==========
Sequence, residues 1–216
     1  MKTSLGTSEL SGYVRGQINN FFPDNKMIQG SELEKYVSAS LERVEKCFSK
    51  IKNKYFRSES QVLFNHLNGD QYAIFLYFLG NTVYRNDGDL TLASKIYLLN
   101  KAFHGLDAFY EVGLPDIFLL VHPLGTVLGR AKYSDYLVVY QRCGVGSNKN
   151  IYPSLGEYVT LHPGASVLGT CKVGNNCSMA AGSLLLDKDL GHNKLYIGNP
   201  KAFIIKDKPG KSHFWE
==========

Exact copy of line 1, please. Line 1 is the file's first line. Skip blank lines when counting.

Sequence, residues 1–216